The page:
Govardhana Puja as "Super" Thanksgiving—Much More than Shopping!
(this blog is recorded on the full page: quick time player needed)
This year Govardhan puja and the secular (slightly religious) holiday of Thanksgiving (in the USA), are celebrated during the same month, and are only days apart due to the Vedic extra month coming in autumn. Although it must have occurred before, this is the first time I remember this happening. As a result of this unusual juxtaposition, I have naturally compared the spirit of both days. While there is some similarity with the idea of giving thanks for the bounty of the Earth in a very basic, down to earth way, Govardhan puja also has a deep philosophical meaning.
Conventional thinking about religion merely colors our human life with a Godly brush, rather than placing God in the center by endeavoring to love, serve, and please Him on His terms as the goal of life. Thus, the tendency of ordinary religionists is to see God as the order supplier and giving thanks when our desires are fulfilled, is a bit one-dimensional and problematic. When the good times roll, and we have an abundance of stuff, or things to consume, with ideal conditions in which to be peaceful, happy, and enjoy material prosperity, then God is good. However, such persons can be greatly challenged when it “rains on their parade,” or their home, job, possessions, family or nation, etc., are destroyed or damaged, or killed or injured. They may question why God is “doing this to them,” not having knowledge that the nature of the world, being an artificial plane for the soul, is problematic and unnaturally temporary for the eternal soul.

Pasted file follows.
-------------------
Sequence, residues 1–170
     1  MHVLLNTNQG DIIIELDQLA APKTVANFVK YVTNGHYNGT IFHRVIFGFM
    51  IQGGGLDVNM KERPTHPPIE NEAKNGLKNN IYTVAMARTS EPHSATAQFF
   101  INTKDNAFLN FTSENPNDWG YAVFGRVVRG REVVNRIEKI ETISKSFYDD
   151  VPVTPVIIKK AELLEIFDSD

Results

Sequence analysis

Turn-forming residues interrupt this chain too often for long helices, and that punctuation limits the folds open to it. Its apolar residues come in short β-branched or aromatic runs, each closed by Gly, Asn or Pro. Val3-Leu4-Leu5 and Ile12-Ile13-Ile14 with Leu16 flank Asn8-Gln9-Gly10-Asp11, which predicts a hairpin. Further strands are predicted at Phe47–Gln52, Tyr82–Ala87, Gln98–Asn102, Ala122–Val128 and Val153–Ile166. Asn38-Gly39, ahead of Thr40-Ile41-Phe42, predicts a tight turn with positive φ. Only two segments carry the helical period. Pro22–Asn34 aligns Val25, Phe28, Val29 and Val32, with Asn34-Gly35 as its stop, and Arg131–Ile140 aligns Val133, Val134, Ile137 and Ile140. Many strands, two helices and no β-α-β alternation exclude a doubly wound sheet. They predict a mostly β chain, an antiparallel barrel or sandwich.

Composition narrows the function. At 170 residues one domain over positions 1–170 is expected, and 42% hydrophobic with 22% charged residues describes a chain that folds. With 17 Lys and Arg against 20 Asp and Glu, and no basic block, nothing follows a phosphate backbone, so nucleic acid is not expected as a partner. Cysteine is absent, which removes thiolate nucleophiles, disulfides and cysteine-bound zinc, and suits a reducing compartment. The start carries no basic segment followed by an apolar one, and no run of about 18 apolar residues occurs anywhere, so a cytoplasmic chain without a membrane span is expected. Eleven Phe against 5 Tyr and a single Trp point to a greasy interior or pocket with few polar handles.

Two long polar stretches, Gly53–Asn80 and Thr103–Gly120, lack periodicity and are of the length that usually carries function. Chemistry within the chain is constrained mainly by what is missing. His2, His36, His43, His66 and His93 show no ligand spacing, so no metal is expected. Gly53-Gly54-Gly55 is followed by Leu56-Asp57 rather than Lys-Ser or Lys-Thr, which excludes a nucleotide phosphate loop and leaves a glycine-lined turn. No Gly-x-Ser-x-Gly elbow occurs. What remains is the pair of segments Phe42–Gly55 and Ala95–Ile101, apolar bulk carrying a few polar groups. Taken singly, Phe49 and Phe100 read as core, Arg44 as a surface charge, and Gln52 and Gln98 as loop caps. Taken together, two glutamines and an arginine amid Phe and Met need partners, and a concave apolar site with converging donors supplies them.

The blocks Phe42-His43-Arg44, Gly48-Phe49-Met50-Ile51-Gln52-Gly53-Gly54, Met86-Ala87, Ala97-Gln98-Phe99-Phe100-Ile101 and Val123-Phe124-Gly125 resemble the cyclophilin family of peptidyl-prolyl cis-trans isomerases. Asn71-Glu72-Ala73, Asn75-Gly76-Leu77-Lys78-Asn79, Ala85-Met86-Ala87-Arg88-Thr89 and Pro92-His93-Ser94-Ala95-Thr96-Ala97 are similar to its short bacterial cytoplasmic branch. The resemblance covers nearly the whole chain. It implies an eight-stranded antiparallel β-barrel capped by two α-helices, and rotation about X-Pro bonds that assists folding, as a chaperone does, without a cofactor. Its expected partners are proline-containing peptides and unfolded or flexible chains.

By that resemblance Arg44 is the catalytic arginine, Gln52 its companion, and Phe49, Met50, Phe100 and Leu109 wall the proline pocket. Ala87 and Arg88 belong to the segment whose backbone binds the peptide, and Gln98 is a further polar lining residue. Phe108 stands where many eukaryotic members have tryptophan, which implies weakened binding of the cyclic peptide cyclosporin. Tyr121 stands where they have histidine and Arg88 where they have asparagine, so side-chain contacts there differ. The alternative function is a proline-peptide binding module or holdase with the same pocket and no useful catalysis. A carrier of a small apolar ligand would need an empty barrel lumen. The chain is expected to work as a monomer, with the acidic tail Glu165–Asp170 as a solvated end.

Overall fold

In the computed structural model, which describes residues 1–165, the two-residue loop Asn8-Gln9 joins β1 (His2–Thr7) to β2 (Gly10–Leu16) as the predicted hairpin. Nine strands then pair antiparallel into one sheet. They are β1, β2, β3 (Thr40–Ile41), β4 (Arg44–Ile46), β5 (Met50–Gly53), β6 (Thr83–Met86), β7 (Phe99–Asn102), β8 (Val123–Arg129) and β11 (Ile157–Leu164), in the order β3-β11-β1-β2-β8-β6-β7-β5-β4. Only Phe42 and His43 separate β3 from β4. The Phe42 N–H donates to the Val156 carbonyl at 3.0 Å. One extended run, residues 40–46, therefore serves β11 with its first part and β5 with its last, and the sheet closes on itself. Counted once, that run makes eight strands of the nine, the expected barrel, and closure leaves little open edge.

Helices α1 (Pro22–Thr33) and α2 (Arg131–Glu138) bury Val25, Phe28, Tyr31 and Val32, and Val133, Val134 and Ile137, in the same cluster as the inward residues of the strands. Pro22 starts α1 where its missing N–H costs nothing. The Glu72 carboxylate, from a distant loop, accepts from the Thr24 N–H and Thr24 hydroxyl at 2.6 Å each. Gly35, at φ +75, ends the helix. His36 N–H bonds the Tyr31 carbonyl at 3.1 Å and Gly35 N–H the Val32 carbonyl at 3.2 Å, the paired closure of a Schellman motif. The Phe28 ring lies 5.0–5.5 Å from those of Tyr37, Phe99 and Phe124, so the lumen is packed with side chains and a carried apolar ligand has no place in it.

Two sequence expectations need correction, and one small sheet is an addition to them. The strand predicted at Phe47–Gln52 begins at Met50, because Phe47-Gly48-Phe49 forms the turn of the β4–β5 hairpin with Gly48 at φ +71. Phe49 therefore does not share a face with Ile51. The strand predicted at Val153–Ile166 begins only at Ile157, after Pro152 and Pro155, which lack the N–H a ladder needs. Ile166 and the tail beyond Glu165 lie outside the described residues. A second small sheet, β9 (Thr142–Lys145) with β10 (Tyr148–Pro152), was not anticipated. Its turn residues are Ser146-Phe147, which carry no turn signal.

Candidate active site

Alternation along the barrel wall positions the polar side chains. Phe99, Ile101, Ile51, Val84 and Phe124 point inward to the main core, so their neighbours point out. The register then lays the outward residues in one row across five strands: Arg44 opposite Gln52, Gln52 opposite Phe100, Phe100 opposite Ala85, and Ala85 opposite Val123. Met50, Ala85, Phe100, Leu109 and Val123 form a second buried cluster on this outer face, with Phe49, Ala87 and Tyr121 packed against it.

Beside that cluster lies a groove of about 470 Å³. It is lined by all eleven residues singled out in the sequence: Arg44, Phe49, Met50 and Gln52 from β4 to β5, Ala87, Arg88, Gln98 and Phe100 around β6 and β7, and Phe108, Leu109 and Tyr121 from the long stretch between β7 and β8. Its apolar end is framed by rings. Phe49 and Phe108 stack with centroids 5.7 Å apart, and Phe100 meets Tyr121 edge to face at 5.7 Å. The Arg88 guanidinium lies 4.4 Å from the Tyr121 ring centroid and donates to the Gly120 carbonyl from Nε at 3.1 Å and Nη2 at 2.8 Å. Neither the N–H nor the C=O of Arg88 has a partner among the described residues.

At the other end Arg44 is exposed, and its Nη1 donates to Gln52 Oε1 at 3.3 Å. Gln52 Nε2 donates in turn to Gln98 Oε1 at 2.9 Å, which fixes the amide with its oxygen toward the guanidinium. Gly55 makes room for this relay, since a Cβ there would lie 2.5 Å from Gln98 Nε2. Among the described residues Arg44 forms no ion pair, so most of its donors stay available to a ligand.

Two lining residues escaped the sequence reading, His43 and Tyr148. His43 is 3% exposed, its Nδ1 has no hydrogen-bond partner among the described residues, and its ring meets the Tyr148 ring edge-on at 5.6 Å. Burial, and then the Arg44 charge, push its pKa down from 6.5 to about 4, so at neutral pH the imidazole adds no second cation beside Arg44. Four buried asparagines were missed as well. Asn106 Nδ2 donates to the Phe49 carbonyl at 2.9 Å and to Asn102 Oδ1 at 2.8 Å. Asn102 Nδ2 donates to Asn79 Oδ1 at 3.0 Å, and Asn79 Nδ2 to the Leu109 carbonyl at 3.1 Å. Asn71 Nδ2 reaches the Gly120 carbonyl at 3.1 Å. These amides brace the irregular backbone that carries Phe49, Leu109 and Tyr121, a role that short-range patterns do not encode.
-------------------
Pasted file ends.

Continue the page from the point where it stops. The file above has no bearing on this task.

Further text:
Others are able to tolerate reverses or problems—or these days, trying to be a martyr in response—with the promise of a future happy afterlife in heaven. This is still promoting the same materialistic perspective of seeing this world as meant for material enjoyment, just putting it off for a while. The previous chapter to the beginning of Govardhan puja shows how “smarta” (not too smart actually!) brahmanas, were performing an elaborate and technically difficult Vedic sacrifice with the purpose of going to heaven. Unfortunately, their material consciousness focused on getting, prevented them from appreciating the Divinity of Krishna and His brother Balarama, along with Their devotees. On the other hand, their devoted wives, being blessed with spiritual feelings, were willing to give up everything to give food and their very lives to please the Lord. Better a heart of devotion compared to an ocean of materially motivated so-called knowledge.
The Govardhan “lila” (divine play) further outlines the materialist religious mentality of trading something, to get something. However, from a higher perspective Krishna teaches us that material happiness and acquisition doesn’t bring us closer to the soul and it’s Source. Even regular people know that the best things in life are not things. The soul, or consciousness, as the experiencer or animator of the world, is much more important than stuff, or matter. In other words, matter wouldn’t matter without consciousness which thinks about, feels about, and animates physical bodies and objects. The body requires water, but the soul needs spiritual food. While there is material starvation, of more importance is spiritual starvation, since even with all material necessities provided, the soul will still be dissatisfied.